PNS Daily News - March 28, 2017 

We’re covering a variety of issues today including: word of a secret White House visit prompts calls for the House Intelligence chair to recuse himself from the Russia investigation; internet activity could be sold to the highest bidder under a bill up for a vote; and new research shows Uncle Sam is taking more from undocumented immigrants than the wealthy.

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To Sign Up for Health Care or Not?

PHOTO: Open enrollment for the Affordable Care health exchange starts October first. Photo courtesy of HHS
PHOTO: Open enrollment for the Affordable Care health exchange starts October first. Photo courtesy of HHS
September 27, 2013

ST. LOUIS, Mo. - Whether Missourians like it or not, the Missouri Health Exchange will open for business on Tuesday, Oct. 1. Lt. Gov. Peter Kinder has been telling them to skip signing up for coverage. However, others wonder why anyone would not shop for a good deal on health insurance.

Health and Human Services Region VII Director Stephene Moore said the costs of premiums nationwide are coming in about 16 percent lower than predicted. She compared shopping on the new health exchange to shopping around for a good price on an airline ticket.

"For some people, it's okay to have a non-stop flight, but for others who want to save some money, they might be willing to go through Denver and have a little layover. It's the same thing with the health insurance. They'll be able to look at the plans and see which one works best for them," Moore said.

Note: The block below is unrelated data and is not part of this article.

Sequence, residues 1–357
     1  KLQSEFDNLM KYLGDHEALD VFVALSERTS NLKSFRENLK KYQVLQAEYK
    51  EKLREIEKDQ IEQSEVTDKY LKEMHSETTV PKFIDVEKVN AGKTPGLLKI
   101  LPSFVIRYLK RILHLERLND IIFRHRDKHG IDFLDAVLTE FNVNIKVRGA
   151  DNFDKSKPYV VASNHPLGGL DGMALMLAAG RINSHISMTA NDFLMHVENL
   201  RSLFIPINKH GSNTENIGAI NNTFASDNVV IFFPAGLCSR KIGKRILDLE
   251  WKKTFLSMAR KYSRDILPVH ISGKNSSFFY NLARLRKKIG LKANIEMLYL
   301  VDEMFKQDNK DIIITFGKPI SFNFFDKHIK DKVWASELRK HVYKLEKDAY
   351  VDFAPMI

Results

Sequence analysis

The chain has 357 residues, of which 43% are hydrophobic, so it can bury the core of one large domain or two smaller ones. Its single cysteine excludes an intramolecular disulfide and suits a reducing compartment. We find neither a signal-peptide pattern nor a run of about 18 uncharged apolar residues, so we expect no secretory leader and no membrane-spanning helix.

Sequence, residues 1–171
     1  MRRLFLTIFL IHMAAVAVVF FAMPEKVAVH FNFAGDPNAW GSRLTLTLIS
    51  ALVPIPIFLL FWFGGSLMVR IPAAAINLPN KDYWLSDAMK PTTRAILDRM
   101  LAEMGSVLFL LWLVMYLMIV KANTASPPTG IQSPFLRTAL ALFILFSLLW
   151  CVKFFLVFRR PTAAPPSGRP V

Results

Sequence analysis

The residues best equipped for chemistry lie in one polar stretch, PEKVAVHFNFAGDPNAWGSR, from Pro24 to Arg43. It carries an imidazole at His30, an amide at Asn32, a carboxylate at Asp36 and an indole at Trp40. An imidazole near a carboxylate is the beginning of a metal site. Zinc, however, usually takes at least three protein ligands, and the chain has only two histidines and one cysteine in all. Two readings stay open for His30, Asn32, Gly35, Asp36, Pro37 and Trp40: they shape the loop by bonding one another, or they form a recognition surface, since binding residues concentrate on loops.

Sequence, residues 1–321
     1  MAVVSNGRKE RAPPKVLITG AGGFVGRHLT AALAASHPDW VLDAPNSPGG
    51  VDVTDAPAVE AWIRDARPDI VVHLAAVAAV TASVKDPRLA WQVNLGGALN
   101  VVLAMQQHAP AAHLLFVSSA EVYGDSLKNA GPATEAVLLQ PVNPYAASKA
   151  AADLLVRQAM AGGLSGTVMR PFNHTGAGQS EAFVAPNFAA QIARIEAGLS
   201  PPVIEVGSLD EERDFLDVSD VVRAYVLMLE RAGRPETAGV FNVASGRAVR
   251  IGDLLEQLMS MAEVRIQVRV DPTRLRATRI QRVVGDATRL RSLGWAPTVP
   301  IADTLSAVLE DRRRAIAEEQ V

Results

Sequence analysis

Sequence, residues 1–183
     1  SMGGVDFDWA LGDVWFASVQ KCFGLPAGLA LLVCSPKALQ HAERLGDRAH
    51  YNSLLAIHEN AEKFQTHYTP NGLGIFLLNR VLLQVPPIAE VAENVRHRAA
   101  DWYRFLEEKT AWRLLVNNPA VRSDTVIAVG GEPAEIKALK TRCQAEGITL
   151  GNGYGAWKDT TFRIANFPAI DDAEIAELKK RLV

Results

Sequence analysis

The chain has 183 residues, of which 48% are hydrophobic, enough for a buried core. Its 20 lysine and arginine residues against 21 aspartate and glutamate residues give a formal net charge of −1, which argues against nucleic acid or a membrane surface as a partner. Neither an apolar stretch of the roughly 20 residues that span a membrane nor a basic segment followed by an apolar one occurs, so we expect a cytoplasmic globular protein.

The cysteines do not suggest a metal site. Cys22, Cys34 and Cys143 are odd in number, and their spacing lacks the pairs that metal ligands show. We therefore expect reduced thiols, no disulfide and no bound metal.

According to HHS numbers, a St. Louis family of four making $50,000 a year, because they qualify for a federal subsidy, could purchase the lowest level of coverage for $32 a month. Moore said no matter what you buy, all plans are required to cover the same essential services for children and adults. Those include visits to the doctor, the hospital, emergency care, maternity, mental health, substance abuse treatment, pediatric services, medications and prevention. Missourians will have 17 different plans to choose from. The website for Missourians is

"Every plan that's offered in their zip code will pop up, and they'll be able to look at the cost, what the coverage will be and see which one of those plans might work best for them," she said.

Moore pointed out that there is a lot of time to figure it all out.

"Nobody has to rush out on Oct. 1 and get on that website and look at it. They can look at it any time between October the first and through early next spring and the end of March," she noted.

A single person making up to around $45,000 a year qualifies for federal help paying for monthly premiums. So does a family of four making up to $90,000 annually. To get that help, Missourians must sign up through the exchange. Anyone who has coverage through work does not have to do anything.

Information about health insurance marketplace premium costs is available at

Mary Anne Meyers, Public News Service - MO